Human Rights and Indian Rights: Las Casas to Standing Bear
<a href="http://humanitiesnebraskaorg.presencehost.net/speakers/speakers-index.html?get_id=%252B8oaJSrkj6X87oh2UDYR63BJPpsbpOauFUdyxdyw4OfXbegAU959IlMEliOR05BKG6fkD7q9g5eU8%252BtEinchAmMlUDNmWzCYPplOioxn4FkscTtgyVNvpch9VY72mSx7DjczmXDGYGPwcV%252BugYeX3HkzfNLICPVaaLGHEvFvDLMS">Robert Haller</a>
How did the idea of universal human rites, including the rites of indigenous peoples, come into Western consciousness and law? This talk cites the contribution of Bartolome de las Casas, whose arguments lead to the New Laws governing Spanish colonization.; of Judge Dundy’s verdict in the famous trial of Crook vs. Standing Bear (1879) which asserted the “personhood” of native peoples; and the “participant observation” research of Francis La Flesche, which fostered the recognition of the integrity of Native culture. Many other factors entered into the development of the current understanding of human rights; but the Western need to incorporate non-Western cultures into the existing framework of Western thinking played a significant part.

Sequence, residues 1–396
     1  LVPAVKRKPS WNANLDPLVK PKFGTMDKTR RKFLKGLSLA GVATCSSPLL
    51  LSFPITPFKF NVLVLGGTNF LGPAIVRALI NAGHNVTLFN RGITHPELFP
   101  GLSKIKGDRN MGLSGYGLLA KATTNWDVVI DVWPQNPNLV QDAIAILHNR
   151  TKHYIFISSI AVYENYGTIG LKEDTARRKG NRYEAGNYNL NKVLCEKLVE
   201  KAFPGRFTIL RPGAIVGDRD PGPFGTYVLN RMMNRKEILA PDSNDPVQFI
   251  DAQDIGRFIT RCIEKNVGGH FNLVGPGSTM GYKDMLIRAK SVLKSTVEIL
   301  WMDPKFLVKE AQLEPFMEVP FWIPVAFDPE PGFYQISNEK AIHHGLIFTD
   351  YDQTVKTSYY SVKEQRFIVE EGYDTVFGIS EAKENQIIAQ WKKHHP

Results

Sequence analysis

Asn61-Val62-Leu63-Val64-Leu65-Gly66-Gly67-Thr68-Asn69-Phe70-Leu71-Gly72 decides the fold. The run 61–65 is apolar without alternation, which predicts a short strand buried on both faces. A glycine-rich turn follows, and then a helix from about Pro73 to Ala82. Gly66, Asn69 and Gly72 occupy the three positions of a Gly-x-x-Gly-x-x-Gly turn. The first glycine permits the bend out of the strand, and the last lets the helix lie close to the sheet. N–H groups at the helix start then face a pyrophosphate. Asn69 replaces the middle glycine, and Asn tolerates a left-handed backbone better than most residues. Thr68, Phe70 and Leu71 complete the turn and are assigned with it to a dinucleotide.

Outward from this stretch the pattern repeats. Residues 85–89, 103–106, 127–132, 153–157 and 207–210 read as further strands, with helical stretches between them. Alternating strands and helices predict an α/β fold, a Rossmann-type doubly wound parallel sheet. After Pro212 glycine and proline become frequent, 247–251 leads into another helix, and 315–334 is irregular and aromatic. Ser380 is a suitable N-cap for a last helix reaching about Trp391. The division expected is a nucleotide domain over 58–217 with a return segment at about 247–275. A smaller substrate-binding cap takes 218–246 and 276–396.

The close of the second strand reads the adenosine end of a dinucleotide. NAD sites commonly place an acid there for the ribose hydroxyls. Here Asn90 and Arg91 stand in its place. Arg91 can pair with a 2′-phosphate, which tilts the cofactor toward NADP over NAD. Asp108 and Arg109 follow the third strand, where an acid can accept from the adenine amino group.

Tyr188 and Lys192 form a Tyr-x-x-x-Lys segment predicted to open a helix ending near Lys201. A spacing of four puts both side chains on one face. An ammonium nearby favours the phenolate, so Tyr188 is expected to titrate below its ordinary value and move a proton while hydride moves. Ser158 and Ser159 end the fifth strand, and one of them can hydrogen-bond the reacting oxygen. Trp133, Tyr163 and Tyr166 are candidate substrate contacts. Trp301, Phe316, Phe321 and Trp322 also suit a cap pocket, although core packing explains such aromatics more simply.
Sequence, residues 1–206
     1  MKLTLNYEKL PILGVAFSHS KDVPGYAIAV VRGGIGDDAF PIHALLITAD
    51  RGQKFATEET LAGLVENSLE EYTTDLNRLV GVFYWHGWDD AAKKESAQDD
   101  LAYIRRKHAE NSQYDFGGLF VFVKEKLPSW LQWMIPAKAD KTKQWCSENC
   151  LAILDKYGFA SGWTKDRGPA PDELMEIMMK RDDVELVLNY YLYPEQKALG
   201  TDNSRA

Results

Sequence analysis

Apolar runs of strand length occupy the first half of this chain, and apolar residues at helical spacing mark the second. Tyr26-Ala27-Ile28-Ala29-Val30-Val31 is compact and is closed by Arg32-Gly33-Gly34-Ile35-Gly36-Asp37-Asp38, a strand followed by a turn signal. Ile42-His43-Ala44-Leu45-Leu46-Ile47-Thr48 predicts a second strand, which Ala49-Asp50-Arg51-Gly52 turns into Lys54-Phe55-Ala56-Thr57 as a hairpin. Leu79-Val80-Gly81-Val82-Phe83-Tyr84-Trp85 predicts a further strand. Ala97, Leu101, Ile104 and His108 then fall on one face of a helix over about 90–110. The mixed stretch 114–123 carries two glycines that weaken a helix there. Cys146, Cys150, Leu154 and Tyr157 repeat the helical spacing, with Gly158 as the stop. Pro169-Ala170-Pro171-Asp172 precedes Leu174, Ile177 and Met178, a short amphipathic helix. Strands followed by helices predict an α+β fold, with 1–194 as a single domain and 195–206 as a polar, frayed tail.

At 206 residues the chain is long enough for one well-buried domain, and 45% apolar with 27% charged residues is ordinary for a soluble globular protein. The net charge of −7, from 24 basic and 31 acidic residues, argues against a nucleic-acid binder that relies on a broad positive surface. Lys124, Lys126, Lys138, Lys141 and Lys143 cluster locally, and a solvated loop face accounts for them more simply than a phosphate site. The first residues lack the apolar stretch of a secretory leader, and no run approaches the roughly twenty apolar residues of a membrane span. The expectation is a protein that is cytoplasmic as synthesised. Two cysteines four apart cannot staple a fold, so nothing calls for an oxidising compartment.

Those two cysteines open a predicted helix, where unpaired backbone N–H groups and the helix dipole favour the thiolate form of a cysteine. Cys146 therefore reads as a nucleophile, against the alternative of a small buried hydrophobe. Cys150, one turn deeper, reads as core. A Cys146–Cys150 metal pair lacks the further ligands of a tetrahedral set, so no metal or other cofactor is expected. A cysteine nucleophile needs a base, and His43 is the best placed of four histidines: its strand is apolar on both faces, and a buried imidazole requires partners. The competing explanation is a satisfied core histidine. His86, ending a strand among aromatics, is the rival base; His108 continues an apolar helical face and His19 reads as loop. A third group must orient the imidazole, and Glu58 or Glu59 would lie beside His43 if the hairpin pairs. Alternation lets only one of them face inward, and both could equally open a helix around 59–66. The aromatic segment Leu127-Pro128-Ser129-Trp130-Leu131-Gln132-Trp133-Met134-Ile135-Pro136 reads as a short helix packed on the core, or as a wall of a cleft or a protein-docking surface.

The Speakers Bureau is is made possible by these generous sponsors:
The Johnny Carson Fund at the Nebraska Cultural Endowment
The Adah & Leon Millard Foundation